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Trillions in platinum

It is silly season online with the same story popping up all over about solving the U.S. government’s debt problems by issuing two platinum coins worth $1 trillion each. This has been kicking around online for more than a year, but it has been gaining traction rapidly in the past week.

With the online imperative to publish the most headline-grabbing information possible, it is understandable that this story keeps popping up.

But if you are going to be outrageous to gain attention, why nibble around the edges?

The two $1 trillion platinum coins are supposedly justified as a means of dodging the spending restrictions that could result if the federal government’s debt ceiling is not raised shortly.

But why stop at two $1 trillion coins?

Why not strike one coin and put a $16 trillion denomination on it and declare that the nation has paid off all of its debt, or why not strike 16 $1 trillion coins if you like denominations in even numbers? Invite Lady Gaga to the debt retirement ceremony.

If you are going to employ silly logic to justify $2 trillion, the same silly logic also applies to $16 trillion.

Why stop there?

Why not strike enough coins to send every family in America a $1 trillion platinum coin? Everybody would probably would feel like a Rockefeller as they open the package, but when they attempted to buy lunch, they would discover that it costs $2.5 billion, or a meal in a nice restaurant would cost $25 billion. And those prices are good only for the next five minutes.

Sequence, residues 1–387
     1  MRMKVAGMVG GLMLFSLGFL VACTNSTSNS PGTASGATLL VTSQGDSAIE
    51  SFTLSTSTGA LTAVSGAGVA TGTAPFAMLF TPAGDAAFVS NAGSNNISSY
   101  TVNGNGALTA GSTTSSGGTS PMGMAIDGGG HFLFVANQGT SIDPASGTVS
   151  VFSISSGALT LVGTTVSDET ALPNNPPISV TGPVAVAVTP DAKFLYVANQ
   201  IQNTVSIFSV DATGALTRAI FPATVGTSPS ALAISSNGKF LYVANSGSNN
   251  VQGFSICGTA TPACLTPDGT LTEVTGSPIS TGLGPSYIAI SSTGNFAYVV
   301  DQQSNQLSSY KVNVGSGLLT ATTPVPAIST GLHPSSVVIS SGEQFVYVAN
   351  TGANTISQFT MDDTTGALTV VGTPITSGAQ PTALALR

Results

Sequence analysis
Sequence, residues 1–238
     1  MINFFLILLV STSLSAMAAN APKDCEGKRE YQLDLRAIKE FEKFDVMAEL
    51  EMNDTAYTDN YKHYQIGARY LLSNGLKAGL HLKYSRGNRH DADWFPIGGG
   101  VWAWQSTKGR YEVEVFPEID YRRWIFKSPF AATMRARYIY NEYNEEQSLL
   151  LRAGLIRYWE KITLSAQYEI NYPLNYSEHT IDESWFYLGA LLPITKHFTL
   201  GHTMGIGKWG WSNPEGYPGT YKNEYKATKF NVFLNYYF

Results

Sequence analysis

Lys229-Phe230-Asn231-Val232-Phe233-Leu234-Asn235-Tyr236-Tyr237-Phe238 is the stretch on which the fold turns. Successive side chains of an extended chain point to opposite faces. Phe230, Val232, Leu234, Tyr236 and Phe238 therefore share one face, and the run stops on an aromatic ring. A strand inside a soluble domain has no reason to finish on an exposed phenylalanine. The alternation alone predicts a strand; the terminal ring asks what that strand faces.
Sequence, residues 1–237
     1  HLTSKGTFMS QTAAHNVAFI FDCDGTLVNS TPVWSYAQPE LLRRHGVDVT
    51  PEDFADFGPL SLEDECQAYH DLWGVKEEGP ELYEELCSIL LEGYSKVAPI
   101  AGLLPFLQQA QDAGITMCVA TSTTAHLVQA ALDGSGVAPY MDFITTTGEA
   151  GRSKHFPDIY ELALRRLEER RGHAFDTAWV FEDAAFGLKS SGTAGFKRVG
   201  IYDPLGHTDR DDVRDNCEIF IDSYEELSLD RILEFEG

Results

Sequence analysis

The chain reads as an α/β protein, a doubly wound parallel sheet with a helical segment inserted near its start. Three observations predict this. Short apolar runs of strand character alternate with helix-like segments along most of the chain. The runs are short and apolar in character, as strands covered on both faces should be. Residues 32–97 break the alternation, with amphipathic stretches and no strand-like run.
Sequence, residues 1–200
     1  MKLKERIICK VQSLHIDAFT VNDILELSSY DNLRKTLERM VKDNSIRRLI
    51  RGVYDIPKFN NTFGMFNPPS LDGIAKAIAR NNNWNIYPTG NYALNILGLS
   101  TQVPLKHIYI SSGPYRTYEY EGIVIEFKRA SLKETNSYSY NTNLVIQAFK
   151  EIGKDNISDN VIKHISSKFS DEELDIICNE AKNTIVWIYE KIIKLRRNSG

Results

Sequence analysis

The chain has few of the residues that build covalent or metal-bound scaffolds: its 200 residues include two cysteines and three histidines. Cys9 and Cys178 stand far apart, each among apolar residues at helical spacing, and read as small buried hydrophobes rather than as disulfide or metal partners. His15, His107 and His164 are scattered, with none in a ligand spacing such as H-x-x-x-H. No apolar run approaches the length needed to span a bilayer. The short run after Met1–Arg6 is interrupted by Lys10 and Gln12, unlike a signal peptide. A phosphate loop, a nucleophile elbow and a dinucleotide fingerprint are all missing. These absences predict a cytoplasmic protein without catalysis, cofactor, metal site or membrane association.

That’s what inflation does.

That’s why skittish investors have bid the price of gold up to $1,715 a troy ounce today, compared to $260 back in 2001. They worry about unlimited issuance of money. Historically, that worry is justified.

But the purpose of the $2 trillion story is not to initiate a logical discussion, but simply to call attention to itself.

It has succeeded.

Now when can I expect my $1 trillion coin in the mail?

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2 Responses to Trillions in platinum

  1. Tom Snyder says:

    And now that you’re a trillionaire, Obama wants you to pay just a little bit more . . . .

  2. hrlaser says:

    Go to eBay and search for these exact terms –> Zimbabwe $100 Trillion
    You will see singles and packs of The Reserve Bank of Zimbabwe $100 Trillion notes.. they are, or were, actual legal tender in that country, which is in the midst of hyper-inflation.. they are intaglio-printed, with all kinds of security features on them, just like the currency cranked out for the USA by the B.E.P.. a Zimbabwe $100 Trillion note will not buy you a loaf of bread in that country.. one of those notes has the purchace value of about a quarter, but they make an interesting novelty item to mail to friends with greeting cards.. I swear I’m not making this up.. just do an eBay search for those terms in the first line of this posting.. you’ll also find them sold in Crisp, Uncirculated condition by dealers who deal in foreign currency at coin shows.. :-) or :-( depending on if you live in Zimbabwe or not..

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